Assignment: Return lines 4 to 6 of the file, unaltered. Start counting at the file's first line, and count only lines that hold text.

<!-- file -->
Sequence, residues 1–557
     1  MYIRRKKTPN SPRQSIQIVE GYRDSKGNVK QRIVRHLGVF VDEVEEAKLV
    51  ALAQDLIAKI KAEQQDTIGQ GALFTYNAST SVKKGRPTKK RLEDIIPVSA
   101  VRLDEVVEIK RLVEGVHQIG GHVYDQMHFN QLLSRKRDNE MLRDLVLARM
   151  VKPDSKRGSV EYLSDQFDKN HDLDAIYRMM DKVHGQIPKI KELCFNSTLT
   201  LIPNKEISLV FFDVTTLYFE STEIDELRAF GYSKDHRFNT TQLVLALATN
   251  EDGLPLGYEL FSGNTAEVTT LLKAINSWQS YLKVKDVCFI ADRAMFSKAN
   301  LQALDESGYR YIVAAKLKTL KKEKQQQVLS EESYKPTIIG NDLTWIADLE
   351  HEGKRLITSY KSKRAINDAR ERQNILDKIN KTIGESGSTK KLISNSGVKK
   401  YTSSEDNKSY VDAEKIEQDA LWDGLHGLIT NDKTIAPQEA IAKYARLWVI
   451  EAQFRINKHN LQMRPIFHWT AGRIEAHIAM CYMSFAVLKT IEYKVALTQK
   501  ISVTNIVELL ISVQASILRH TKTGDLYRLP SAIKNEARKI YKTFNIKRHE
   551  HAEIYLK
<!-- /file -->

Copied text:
   101  VRLDEVVEIK RLVEGVHQIG GHVYDQMHFN QLLSRKRDNE MLRDLVLARM
   151  VKPDSKRGSV EYLSDQFDKN HDLDAIYRMM DKVHGQIPKI KELCFNSTLT
   201  LIPNKEISLV FFDVTTLYFE STEIDELRAF GYSKDHRFNT TQLVLALATN